Despite these conditions, orders increased by 1% last year and record revenues were achieved with good contribution from growth of the service business and strategic acquisitions. Mr Leten said: “Sustainability aspects and efforts are integrated in the way we do business. In our world this includes everything from competence development and ethical behaviour to the development of new innovative products which offer customers even higher productivity.
“We have ambitious goals for energy efficiency and continue to decrease our CO2 emissions in relation to cost of sales in our total supply chain. Even more important, we are launching many new products that dramatically lower our customers’ energy consumption. Management systems are in place to ensure that we safeguard the environment, health, safety and quality in our operations.”

It said that its service business remained robust in all business areas and that moderate growth had been achieved. Demand for Atlas Copco’s equipment, however, decreased in total. The demand from some customer segments, for example automotive and electronics, remained healthy, while other segments continued to be weak. These included mining, construction, and oil and gas.

Order volumes increased for industrial assembly solutions as well as for vacuum equipment, while they decreased for mining and construction equipment and for compressors.

Geographically, Atlas Copco said Europe was robust and a moderate year-on-year order growth was achieved in the region. Order volumes also grew in India, but they were lower in many other markets, including China, Brazil, Australia and the US, it said.

Atlas Copco is claiming “solid profitability” and record cash flow in tough market conditions, in its interim report on the fourth quarter and full-year summary of 2015.

The company’s products include compressors, vacuum solutions and air treatment systems, construction and mining equipment, power tools and assembly systems.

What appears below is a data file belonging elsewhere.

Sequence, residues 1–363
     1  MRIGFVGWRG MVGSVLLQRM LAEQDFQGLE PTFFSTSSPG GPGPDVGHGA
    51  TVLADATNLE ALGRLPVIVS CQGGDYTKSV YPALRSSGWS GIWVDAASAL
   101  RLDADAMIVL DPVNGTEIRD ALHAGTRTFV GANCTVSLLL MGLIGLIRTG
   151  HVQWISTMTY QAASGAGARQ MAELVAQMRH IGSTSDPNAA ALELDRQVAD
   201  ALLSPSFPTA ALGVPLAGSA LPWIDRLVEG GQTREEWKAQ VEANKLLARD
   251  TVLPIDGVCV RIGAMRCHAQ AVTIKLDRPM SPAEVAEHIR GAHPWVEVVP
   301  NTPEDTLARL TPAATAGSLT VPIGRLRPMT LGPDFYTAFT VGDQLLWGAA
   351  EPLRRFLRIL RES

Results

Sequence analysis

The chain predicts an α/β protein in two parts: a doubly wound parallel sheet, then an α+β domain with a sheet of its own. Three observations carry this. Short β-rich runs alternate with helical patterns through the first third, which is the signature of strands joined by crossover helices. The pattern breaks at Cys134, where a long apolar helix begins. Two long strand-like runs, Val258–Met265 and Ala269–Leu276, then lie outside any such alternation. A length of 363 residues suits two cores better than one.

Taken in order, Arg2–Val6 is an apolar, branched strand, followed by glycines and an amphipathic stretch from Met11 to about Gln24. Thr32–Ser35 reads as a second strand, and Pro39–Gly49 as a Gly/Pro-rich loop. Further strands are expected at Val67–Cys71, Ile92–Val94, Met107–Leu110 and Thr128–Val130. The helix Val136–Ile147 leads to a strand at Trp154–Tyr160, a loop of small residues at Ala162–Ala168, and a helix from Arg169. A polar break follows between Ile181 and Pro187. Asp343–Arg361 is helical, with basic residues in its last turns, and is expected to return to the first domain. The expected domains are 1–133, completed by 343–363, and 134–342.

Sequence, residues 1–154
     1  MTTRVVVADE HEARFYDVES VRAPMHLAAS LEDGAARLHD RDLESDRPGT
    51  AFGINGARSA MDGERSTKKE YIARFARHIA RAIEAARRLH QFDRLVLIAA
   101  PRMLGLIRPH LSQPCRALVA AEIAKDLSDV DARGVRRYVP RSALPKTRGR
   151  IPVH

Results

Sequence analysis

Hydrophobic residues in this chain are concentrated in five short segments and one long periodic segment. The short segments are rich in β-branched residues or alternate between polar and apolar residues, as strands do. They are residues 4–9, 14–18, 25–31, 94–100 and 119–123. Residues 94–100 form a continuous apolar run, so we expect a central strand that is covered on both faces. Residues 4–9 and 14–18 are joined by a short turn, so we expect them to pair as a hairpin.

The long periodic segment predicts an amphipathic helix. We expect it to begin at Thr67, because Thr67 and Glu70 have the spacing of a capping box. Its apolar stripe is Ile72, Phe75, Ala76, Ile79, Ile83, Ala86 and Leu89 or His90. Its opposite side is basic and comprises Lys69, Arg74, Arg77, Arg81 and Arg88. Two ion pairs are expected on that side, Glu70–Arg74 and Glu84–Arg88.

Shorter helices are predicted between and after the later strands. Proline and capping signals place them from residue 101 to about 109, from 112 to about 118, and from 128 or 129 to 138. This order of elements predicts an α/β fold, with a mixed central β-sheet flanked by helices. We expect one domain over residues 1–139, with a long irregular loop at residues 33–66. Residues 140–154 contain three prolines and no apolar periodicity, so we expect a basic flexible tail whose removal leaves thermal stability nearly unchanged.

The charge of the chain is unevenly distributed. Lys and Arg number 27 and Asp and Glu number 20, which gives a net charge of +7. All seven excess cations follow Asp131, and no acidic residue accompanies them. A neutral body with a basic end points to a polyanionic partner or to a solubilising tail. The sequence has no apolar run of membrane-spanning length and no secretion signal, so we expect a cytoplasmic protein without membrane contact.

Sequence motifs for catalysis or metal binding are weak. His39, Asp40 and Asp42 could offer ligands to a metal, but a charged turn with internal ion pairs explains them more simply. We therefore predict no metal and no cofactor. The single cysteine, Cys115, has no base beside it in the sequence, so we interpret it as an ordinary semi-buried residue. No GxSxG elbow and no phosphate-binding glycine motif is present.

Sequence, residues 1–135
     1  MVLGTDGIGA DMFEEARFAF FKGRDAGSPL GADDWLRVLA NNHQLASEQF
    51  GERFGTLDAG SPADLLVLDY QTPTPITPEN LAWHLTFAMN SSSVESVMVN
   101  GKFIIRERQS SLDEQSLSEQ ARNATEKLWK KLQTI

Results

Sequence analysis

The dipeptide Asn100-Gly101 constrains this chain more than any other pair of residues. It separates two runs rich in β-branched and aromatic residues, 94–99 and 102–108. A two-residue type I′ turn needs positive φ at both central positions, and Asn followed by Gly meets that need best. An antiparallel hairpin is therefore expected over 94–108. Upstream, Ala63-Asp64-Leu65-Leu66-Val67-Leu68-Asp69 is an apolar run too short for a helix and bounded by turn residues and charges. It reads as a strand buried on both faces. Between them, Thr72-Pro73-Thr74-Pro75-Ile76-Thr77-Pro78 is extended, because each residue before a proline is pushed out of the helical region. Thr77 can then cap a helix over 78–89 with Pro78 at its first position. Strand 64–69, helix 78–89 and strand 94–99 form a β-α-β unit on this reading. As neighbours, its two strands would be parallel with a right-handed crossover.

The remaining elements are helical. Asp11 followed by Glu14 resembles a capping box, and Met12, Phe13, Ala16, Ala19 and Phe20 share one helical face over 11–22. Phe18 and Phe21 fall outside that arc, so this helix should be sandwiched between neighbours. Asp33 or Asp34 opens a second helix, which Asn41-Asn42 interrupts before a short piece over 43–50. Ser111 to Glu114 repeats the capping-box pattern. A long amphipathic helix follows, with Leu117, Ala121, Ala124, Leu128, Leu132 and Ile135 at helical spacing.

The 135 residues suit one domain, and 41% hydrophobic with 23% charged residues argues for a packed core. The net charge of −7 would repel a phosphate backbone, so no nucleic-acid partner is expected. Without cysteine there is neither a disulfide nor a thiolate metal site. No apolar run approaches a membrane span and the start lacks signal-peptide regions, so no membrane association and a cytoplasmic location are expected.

Water For All is Atlas Copco’s main community engagement initiative. Run by employees, the mission of the organization is to provide people in need with long-term access to clean drinking water.
Water for All was founded in Sweden by Atlas Copco employees in 1984. Through voluntary employee donations and contributions by the company, this non-profit organization has so far provided clean drinking water to more than 1.5m people. Water for All also welcomes external contributions, such as from non-governmental organizations or customers.
Today, there are employees in some 30 countries running or in the process of starting up Water for All. These local organizations always work together with a partner in the field. The partners are carefully selected and have to be well-reputed non-profit and non-political organizations.
The majority of the projects have been in sub-Saharan countries such as Kenya, Tanzania, Malawi, Mali and Ethiopia. There have also been substantial projects in China, India and Bangladesh, to name a few countries. The first project ever was in Peru.
Learn more about Water for All at its dedicated website


The Olympics in Rio take place later this year with construction of facilities at an advanced stage. The Barra Olympic Park comprises an athletes’ village, sports arenas, media centre and a 400 bed hotel. The lead contractors have turned to Atlas Copco for leasing much of the required construction equipment. Spokesman Luiz Mendes explained: “Atlas supply state-of-the-art equipment, has a worldwide reputation and provides outstanding technical support.”